CO2 CARTRIDGES: Sizes and PSI’s
As I changed some tires in preparation for the spring; I moved from 23mm to 25 mm on my road bike. I carry CO2 and a 16g cartridge has worked well for me. Since I don’t carry a gauge, I used the finger test and stopped when it was “hard enough”. When I got home I’d drain the CO2 and pump up the tire with a floor pump; good advice since CO2 leaks out quicker than O2.
I decided to check the PSI attained with the 16g cartridge in the 23mm and 25mm tires to assess the accuracy of my finger checks. Since I also have bikes with 35mm and 37mm tires, I wanted to see how 20g and 25g cartridges worked with these sizes.
The inflation chart on MTBR.com only addressed 18g (I’ve never seen this size in any LBS I’ve visited) and 25g sizes. An old Genuine Innovations chart listed only 700 x 23, 28 and 35mm sizes. Unfortunately, when I checked the current chart on the Genuine Innovations site, it was vague. Simply listing the categories as road and touring without specifying exact tire sizes was not instructive. I wrote to them and I’m pleased that they responded within 48 hours with some specifics. Their response is below.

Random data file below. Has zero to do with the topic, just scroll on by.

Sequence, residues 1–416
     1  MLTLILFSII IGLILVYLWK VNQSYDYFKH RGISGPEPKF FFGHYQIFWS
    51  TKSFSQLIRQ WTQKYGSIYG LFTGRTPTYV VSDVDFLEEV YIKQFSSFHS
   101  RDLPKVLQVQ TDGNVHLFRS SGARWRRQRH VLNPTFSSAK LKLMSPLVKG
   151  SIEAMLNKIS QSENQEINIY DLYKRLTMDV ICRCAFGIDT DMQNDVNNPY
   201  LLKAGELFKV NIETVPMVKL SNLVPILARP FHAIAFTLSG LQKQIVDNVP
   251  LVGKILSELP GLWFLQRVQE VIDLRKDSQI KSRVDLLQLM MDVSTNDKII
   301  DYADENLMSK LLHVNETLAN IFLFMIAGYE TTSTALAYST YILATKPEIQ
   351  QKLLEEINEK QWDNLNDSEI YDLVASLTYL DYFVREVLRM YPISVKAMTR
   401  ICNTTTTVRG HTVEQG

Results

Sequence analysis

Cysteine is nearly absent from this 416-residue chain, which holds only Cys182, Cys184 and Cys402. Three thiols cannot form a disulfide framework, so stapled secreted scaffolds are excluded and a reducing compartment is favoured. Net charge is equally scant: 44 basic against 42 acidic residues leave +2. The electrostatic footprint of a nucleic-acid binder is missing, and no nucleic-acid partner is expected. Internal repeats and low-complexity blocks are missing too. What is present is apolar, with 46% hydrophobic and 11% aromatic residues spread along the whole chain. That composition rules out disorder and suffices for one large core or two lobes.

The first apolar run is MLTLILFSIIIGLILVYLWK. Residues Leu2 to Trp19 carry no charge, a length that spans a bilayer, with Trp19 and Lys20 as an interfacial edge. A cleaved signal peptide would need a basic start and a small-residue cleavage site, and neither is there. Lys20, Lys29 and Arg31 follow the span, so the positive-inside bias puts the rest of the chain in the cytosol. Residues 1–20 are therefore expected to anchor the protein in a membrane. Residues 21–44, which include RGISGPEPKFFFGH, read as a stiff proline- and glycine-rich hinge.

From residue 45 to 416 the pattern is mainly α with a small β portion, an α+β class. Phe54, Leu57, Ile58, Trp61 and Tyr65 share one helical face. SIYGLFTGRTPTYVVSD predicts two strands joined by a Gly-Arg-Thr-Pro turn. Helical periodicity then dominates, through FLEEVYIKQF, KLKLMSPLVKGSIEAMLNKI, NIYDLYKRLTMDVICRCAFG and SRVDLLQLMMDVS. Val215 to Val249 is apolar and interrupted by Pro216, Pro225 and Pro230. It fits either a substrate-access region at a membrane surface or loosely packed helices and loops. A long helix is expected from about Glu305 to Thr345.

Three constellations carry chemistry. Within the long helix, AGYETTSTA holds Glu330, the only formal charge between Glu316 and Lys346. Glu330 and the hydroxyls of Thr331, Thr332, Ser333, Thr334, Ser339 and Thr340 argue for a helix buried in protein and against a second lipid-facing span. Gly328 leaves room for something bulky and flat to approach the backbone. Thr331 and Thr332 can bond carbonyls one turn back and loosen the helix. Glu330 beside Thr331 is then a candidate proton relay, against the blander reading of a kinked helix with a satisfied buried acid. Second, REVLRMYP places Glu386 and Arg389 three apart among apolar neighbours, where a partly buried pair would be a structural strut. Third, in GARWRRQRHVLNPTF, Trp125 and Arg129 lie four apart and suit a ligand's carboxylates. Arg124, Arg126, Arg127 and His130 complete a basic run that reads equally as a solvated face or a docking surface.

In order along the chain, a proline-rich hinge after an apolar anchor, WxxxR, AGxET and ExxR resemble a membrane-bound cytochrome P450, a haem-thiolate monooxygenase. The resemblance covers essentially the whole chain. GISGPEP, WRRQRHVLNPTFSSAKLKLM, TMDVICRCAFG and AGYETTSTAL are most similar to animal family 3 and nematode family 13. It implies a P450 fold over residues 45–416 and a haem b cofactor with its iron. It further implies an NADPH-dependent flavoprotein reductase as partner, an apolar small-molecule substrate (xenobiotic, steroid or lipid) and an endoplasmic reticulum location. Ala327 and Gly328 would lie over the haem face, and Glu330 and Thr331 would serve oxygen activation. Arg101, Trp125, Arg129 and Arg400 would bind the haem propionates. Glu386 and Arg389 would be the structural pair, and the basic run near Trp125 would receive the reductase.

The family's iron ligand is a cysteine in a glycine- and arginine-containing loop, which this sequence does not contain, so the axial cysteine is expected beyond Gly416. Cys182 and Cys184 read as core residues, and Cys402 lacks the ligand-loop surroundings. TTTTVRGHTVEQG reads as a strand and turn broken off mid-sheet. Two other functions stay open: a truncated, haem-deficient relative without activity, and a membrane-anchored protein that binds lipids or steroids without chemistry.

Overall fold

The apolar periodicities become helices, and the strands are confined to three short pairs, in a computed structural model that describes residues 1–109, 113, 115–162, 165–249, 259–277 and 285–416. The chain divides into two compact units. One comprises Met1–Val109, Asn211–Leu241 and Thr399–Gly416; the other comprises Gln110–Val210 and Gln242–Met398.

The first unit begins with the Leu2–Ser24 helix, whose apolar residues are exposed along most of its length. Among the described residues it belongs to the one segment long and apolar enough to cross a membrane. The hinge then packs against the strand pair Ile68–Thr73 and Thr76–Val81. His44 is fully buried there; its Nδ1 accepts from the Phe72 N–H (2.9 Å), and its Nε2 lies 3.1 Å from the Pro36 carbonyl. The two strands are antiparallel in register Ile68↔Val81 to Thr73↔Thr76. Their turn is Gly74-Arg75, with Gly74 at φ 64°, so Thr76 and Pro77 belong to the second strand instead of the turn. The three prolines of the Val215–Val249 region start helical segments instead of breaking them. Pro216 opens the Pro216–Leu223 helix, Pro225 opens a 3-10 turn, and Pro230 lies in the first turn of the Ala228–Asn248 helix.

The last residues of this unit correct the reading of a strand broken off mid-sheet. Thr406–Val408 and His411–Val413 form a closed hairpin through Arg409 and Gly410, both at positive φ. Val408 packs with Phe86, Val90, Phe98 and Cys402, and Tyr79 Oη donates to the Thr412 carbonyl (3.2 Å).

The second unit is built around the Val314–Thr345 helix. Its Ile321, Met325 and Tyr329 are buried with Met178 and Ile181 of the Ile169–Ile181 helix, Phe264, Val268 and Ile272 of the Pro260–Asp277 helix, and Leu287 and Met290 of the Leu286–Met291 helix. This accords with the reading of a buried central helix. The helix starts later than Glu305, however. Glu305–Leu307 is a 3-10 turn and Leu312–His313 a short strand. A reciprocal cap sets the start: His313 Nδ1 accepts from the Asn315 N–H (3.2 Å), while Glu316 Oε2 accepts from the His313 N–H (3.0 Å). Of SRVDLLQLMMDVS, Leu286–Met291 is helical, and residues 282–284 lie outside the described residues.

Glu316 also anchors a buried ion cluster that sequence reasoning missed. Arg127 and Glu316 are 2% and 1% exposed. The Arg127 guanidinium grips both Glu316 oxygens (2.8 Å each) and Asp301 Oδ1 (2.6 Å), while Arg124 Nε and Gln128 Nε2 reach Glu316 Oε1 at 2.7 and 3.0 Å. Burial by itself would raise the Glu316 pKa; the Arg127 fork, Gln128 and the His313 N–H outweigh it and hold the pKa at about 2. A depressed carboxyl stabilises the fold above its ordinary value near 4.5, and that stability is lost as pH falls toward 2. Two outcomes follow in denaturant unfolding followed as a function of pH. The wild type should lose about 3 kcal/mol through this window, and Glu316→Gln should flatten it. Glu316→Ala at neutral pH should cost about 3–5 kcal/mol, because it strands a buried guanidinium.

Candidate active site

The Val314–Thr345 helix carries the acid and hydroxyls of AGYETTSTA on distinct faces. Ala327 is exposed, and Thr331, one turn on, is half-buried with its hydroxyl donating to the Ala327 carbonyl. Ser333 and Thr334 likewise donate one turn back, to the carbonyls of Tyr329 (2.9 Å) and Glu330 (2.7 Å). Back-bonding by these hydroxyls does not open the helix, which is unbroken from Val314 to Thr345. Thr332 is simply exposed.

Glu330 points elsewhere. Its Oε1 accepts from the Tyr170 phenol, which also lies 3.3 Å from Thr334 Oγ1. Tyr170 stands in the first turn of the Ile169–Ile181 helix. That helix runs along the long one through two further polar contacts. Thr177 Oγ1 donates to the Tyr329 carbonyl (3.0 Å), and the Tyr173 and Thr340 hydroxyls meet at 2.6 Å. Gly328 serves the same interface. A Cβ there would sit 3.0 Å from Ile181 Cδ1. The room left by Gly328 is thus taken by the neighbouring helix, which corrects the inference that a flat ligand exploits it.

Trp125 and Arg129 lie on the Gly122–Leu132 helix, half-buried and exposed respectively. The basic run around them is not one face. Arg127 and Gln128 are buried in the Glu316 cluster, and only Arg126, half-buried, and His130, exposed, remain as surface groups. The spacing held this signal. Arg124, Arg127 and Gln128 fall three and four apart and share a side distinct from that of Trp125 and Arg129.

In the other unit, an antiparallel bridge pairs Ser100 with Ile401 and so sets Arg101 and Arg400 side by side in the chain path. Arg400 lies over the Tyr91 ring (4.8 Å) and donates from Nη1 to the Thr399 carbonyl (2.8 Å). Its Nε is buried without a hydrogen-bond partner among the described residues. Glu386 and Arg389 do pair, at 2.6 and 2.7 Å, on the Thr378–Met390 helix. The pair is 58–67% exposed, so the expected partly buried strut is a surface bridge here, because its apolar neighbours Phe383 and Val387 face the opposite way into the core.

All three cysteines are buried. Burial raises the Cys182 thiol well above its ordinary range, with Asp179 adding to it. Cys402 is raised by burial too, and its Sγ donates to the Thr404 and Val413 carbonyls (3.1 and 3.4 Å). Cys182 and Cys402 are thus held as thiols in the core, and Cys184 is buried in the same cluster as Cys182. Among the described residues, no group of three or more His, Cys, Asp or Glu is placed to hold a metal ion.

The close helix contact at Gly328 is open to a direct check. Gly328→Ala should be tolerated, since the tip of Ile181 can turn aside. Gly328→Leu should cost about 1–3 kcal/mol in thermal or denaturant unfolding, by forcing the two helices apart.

As you likely already know, actual tire widths can vary from brand to brand and even model to model within brands so the last sentence in the letter below should be kept in mind.
*** I recommend that you take a look at http://www.redrockminnesota.com/ for cartridges. Very good prices for no-name products. I’ve used them for years and never had a problem. ***
Michael A. Katz
WCBC Safety and Education
Thank you for contacting ITW Tire Repair. I forwarded your email to our Genuine Innovation team and below is his response.
Here are my calculations on his listed tire sizes.
– 16g (2) tires to 75 PSI
– 20g (2) tires to 90 PSI
– 25g (2) tires to 115 PSI
– 16g (1) tire to 123 PSI
– 20g (2) tires to 75 PSI
– 25g (2) tires to 95 PSI
– 16g (1) tire to 65 PSI
– 20g (1) tire to 80 PSI
– 25g (1) tire to 100 PSI
– 16g (1) tire to 55 PSI
– 20g (1) tire to 70 PSI
– 25g (1) tire to 85 PSI
As always, these estimates are subject to variation based on elevation and ambient temperature.